By David Gill
Recession or not, consumers’ desire to look their best will continue to drive sales of personal-care products in 2009.
Comments from manufacturers indicated that the industry is coming off a comparatively robust year in 2008.
“Even though the economy is tough, I’m seeing nationally that our business was up in both units and dollars,” said David Williams, group marketing manager for personal-care and professional products for Panasonic.
Williams added that he expects 2009 to be “more of the same. What we are seeing is almost like two ends of the spectrum. The opening-price-point products are doing well because consumers are cost-conscious. [But] we also see growth at the high end. As long as manufacturers continue to innovate and give people a reason to buy, and not put out me-too products, the high end will remain in demand.”
Other manufacturers believe that the need to care for one’s looks will keep personal-care merchandise at all price points in demand this year. “Hair care is a necessity, not discretionary,” said Amir Abileah, vice president of Epilady. “As far as personal care is concerned, the effect [of the down economy] has not been as strong.”
Abileah also said the level of orders for Epilady products has ramped up since the beginning of this year.
“Retailers weren’t carrying a lot of inventory during the holidays, only what they needed,” he said. “I would assume the items moved off the shelves because now we’re seeing more orders.”
He also believes that this momentum will gather force in the first few months of this year. “Toward the end of the quarter two, we will once again be in a growth mode,” he said. “Toward the end of the year, the stimulus packaged [from the administration of President Barack Obama] and the housing rebound will raise the level of consumer confidence, and we will see a strong holiday season.”
In one sense, a sliding economy such as the one the nation is now experiencing benefits personal-care product sales.
“In a weak environment, women find it more cost-effective to do it themselves rather than go to a salon,” said Robin Linsley, director of marketing for Conair. “For me to get my hair cut in a salon, it costs $100. At retail, straighteners range from $45 to $100, and curling irons range from $20 to $30, and these products can give you professional results.”
Another trend that is helping some manufacturers is the shift by some retailers from private-label merchandise back to branded products. Gerald Rubin, chairman, president and chief executive officer of Helen of Troy, said as much in a Webcast to financial analysts following the company’s release of its third-quarter financial results.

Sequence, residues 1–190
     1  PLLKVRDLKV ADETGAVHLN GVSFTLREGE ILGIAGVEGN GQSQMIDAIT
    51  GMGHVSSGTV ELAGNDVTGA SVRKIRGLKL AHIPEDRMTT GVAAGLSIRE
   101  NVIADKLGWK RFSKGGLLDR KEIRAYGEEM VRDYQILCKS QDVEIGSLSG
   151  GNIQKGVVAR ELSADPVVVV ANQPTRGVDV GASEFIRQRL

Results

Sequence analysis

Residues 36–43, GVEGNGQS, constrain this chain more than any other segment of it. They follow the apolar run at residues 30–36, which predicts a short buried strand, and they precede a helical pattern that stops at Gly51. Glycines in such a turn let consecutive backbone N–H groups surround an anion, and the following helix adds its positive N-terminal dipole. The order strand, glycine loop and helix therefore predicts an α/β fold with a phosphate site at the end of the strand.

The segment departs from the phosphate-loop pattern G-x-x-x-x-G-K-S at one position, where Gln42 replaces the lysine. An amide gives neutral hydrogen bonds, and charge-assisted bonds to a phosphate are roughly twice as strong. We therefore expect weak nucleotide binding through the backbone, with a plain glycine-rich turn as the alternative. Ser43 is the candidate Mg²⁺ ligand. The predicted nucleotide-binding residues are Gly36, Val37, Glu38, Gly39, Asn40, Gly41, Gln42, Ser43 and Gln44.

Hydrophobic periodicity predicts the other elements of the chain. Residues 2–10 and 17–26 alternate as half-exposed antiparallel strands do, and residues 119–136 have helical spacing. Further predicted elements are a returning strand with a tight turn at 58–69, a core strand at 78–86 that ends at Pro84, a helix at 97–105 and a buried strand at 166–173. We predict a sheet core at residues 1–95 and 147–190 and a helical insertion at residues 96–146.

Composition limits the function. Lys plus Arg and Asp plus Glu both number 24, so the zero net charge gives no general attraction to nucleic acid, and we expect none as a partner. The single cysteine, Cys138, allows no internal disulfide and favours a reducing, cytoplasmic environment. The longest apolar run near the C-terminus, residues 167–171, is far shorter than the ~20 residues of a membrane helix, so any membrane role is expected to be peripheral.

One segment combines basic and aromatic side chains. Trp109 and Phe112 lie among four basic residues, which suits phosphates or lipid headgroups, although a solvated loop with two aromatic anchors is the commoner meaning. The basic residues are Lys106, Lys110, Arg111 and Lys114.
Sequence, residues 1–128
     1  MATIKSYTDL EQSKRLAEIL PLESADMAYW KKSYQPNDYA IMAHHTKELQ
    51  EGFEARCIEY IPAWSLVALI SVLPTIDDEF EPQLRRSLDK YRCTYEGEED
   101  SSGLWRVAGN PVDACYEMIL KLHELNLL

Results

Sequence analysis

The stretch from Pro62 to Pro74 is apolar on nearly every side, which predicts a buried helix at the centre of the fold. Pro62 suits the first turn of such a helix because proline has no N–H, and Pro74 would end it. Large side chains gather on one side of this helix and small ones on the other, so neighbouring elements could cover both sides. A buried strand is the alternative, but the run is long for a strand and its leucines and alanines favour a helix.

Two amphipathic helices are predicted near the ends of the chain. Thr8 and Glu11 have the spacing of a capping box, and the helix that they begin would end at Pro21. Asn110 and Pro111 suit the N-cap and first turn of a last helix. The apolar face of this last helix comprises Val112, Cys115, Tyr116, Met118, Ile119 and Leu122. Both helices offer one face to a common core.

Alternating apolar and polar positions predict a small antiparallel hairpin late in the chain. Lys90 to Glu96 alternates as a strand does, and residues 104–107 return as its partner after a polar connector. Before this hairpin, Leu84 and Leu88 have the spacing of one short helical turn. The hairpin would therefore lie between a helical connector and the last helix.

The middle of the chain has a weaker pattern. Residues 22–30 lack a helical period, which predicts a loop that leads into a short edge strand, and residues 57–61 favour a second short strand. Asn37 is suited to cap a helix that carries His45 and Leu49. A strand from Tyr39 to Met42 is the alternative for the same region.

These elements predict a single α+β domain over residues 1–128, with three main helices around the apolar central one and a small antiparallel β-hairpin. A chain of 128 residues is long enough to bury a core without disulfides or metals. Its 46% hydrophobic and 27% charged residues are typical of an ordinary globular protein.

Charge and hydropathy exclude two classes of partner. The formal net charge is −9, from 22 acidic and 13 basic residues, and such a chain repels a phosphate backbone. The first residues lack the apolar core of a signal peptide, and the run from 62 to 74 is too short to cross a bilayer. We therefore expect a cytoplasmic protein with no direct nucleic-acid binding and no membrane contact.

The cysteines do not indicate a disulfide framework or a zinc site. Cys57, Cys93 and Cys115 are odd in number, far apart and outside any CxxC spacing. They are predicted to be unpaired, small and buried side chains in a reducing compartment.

“Several retailers always want to try their own brand of merchandise because they think it’s more profitable for them,” Rubin said, “but little by little, they do come back and buy branded merchandise because they do get new product [and] they get our innovations.”
Rubin added that this trend will hopefully prove to be a positive for Helen of Troy in 2009. “We’re seeing a trend that’s not increasing in non-branded merchandise,” he said, “and we’re seeing several retailers that are coming back to branded merchandise because that’s what customers are buying.”
Nevertheless, Rubin also cautioned that the personal-care industry needs to keep in mind that things are tough for consumers. “We believe that recent credit-market instability, extraordinary stock-market volatility, increases in the unemployment rates and the uncertainty regarding the impact and extent of U.S. government intervention on behalf of the financial-services and automotive sectors has fueled consumer uncertainty,” he said.
The manufacturers feel that the right response to such uncertainty is to continue raising the bar on technology in personal-care products.
“We’re committed to finding the next technology, and our Arc 4 is representative of that,” Williams said. Arc 4 is a trademarked Panasonic shaver with nano-technology blades behind a quadruple arc foil, which enables the shaver to cut whiskers at the root.
Linsley cited Conair’s SS9 steam straightener as an example of how “technology and innovation will always be a predominant factor in the market.” Sold under the Infiniti brand, the SS9 incorporates “all the technology for creating silky, smooth hair,” she said, including steam for conditioning the hair, tourmaline ceramic plates and an ionic generator.
Although the signs for 2009 may be better for the personal-care industry than for other consumer products, manufacturers are uncertain as to whether this will translate to an upbeat mood for the International Home & Housewares Show in March.
For some vendors, the overall economic climate may dampen the mood at the show. “Traffic is going to be smaller due to some of the shakeout at retail,” Williams said. That being said, retailers committed to the personal-care category “will be looking for good news,” he added. “They will look to the manufacturers to give them reason to believe that this year will be better.”
This, too, is where innovation will play a crucial role. “They will be asking, ‘What can you bring to me that I haven’t seen before, that can get consumers motivated,’” Williams said. “It’s up to the manufacturers to get innovations out there to get people excited.”